On my visit to the Chatbot Summit in Berlin this year, I heard several speakers proclaim that by 2020/2030 a whopping 80% of the service industry will be managed by robots. A report published by the World Economic Forum in April 2017 suggests that robotic automation will eliminate 5m jobs across more than a dozen developed nations by 2020, leaving us with the immediate question who will dominate the technological tug of war.
Chatbots: the new service assistants
Human or bot?
Conversational design is a hot topic among app designers and contact centre experts who deploy robots to reach a larger audience through automated dialogues. While the majority of chat-assisted websites are currently managed by humans, the ongoing trend goes towards digital customer experiences that are handled by robots.
Tech supplier LivePerson has recently launched a platform that monitors dialogues managed by humans and bots alike. Originally focusing on bots for customers only, LivePerson have shifted their focus on reinforcing their human workforce through third-party bots. While robots have a long way to go to match humans in their proficiency of grasping and handling emotional dialogues, Artificial Intelligence (AI) provides them with increasing autonomy to do so. Ultimately it is just a question of time when machines are able to respond to the complexities of customer service in an intelligent, reliable way.
Blessing or burden?
Robots have assisted humans with manual work for decades. Concerns about machines reducing the need for human skills, however, are as present as ever. The extensive shift towards automation will not only affect jobs but jeopardise millions of livelihoods:
garment workers in countries like Cambodia, Indonesia, and the Philippines face the risk of displacement. Robots may not be able to sustain themselves yet, leading to a rise in the number of skilled jobs in STEM fields. But in the long run the amount of jobs replaced by robotic automation will grow, leaving our workforce in an unstable condition. Not only skilled labour in the manufacturing industry is affected by the devastating effects of rapid machine automation. The service industry is another example of how machines may eventually displace human skills in the long run. Is it just a matter of time until machines take over in the workplace?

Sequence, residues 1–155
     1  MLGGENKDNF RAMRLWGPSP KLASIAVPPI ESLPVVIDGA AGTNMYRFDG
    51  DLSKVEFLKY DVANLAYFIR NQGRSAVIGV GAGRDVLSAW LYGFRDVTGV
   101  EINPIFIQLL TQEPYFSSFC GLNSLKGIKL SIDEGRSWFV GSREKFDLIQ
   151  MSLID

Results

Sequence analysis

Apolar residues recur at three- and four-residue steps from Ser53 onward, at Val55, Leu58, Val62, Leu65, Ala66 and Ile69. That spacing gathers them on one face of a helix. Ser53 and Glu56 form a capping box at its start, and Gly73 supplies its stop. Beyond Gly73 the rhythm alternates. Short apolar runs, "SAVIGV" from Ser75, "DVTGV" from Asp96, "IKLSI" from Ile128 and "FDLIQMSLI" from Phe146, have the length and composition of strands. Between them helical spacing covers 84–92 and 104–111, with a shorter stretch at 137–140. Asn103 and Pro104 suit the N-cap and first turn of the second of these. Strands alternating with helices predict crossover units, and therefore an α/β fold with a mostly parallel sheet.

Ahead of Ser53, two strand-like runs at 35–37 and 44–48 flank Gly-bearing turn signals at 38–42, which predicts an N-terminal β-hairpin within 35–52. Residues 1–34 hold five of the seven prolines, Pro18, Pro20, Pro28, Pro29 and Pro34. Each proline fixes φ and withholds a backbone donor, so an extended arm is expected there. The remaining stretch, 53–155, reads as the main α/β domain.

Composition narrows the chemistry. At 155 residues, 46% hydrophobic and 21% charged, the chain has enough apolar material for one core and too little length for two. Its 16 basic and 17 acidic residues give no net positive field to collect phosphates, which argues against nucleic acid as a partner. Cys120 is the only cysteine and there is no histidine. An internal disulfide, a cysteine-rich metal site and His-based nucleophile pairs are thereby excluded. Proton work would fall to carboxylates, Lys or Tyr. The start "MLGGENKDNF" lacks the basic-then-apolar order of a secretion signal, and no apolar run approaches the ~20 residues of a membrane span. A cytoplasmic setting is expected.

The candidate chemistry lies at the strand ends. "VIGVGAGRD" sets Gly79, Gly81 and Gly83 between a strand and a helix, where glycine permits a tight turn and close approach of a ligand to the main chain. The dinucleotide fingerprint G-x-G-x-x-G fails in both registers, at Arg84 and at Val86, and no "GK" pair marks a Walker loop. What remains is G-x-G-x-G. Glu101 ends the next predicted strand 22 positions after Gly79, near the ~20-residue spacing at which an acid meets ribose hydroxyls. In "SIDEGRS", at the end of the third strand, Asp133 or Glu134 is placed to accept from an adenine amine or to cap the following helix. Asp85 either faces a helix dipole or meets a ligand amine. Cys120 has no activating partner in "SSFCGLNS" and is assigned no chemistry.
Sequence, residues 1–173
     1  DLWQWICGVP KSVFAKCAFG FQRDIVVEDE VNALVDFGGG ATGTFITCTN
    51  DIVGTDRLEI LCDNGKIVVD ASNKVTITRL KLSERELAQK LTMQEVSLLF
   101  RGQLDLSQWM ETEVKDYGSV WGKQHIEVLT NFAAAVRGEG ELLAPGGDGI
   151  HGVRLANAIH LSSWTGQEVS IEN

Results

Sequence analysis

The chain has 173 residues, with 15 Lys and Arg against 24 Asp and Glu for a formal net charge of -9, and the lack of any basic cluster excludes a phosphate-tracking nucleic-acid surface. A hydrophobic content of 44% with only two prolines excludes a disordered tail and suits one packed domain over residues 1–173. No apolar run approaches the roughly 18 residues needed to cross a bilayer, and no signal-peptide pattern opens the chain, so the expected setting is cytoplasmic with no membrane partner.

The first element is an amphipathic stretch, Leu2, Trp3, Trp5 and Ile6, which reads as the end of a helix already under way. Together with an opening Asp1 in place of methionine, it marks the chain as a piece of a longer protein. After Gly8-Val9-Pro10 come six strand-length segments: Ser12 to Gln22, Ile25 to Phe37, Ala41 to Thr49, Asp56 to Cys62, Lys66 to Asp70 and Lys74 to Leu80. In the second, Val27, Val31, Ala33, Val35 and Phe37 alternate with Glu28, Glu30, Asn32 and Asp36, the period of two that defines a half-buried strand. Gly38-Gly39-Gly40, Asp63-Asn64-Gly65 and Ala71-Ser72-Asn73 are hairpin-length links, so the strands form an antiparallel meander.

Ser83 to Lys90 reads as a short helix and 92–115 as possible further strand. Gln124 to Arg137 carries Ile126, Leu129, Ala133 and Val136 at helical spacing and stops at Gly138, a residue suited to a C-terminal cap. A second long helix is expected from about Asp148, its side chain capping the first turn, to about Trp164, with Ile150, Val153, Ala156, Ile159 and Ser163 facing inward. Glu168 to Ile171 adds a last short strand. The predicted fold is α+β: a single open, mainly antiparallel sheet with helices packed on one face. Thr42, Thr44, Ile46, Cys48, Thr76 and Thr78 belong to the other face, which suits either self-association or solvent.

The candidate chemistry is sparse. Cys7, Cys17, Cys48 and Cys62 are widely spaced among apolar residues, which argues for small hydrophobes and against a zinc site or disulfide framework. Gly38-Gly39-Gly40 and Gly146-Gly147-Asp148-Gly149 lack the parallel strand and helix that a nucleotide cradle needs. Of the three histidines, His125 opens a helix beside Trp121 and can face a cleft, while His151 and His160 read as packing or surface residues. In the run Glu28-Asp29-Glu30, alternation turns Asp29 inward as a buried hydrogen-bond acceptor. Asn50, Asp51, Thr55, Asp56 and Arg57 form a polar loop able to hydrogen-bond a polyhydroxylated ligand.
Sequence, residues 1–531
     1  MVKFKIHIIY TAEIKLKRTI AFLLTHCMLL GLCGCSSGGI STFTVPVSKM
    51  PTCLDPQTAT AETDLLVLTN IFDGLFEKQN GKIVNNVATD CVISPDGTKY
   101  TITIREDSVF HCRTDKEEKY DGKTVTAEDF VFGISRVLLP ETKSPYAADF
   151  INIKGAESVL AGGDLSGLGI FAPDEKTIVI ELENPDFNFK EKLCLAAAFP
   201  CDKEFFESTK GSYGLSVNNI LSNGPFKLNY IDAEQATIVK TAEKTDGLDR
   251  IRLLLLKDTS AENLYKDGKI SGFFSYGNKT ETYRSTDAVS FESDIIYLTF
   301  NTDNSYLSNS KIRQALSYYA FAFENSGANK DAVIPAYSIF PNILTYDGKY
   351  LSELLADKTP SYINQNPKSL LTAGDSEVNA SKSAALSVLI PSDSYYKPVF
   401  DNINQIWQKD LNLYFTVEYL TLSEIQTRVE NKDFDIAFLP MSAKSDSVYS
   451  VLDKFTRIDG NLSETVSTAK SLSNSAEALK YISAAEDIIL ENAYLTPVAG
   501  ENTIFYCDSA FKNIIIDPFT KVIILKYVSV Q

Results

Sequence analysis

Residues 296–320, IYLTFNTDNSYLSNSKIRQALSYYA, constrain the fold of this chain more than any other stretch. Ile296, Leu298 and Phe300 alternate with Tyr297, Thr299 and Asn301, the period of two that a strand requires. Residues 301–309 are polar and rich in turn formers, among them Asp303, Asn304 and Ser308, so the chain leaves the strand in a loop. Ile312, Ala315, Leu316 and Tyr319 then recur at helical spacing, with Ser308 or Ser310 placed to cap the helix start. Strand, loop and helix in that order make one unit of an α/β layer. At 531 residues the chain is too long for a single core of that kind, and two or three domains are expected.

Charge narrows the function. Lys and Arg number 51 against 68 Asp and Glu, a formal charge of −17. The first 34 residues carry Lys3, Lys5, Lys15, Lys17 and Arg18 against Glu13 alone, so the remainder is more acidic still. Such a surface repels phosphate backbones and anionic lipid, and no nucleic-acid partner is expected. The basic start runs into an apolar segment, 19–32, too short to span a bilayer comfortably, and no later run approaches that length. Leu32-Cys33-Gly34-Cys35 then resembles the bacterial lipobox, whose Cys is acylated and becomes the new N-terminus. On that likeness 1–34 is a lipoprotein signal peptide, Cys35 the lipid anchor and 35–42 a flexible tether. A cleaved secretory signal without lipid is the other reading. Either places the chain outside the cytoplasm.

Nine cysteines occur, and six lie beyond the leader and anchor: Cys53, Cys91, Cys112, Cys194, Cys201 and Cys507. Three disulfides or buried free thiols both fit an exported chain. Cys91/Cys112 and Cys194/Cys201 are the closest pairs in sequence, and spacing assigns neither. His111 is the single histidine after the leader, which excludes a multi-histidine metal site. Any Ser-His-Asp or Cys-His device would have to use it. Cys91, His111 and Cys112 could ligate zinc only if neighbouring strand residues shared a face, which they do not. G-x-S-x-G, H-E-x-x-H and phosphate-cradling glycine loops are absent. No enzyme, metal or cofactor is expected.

Robots have gone well beyond the assembly line
Great service, great responsibility
The above question is certainly not new – Aldous Huxley, Philip K. Dick and Charlie Chaplin are just some of the many artists who have addressed the fear of an engineered future in which the human was enslaved by the machine. Long gone are the days where robots occupying service desks were a depiction of sci-fi novels: automated self-service stations at McDonald’s are no longer a novelty, and it is not until long that life-like robotic dolls could become companions for those in need of a friend. With robotics and AI enabling robots to communicate and respond to human emotions, as a society we will have to decide where human-like machines should operate and how we regulate them. While a robot with human features that responds like a human may be regarded as a means to break isolation, the question whether it is ethical to expose an Alzheimer’s patient to a machine they may not recognise is yet to be addressed. How do we distribute wealth created by machines? What does “humane” mean in the context of a machine? What are the societal consequences of vast unemployment triggered by machines? These are just a few questions of many we will need to address when discussing ethical issues in AI.
Are we aware of what we are creating?
What’s the solution?
While robots working side by side with humans in the workplace will certainly boost the global economic performance, the challenge to create enough relevant jobs will remain. On the societal side of things, lawmakers, robotics experts and the general public need to engage in a debate to discuss the advantages and disadvantages of recommending bots as a valuable solution to increase life quality. Education and training will be vital tools to empower the workforce, promote the public debate and create a clear framework to set out the ethical boundaries for the future integration of AI into our society.
Now that this interesting tango between man and machine is in full swing, we ought to cover this new ground asking the right questions. We have already asked “Do Androids Dream of Electric Sheep?”. Might the better question be: “Should they dream at all?”